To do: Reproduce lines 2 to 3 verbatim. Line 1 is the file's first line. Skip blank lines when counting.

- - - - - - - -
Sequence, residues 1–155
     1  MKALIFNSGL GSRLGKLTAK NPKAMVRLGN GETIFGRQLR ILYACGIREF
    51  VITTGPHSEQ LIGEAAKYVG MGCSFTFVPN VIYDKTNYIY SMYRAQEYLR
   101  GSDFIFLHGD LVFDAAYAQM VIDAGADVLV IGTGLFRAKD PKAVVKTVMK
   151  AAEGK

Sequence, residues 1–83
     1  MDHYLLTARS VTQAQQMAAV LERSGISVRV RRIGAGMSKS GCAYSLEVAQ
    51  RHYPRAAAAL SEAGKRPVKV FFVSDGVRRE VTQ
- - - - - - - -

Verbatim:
     1  MKALIFNSGL GSRLGKLTAK NPKAMVRLGN GETIFGRQLR ILYACGIREF
    51  VITTGPHSEQ LIGEAAKYVG MGCSFTFVPN VIYDKTNYIY SMYRAQEYLR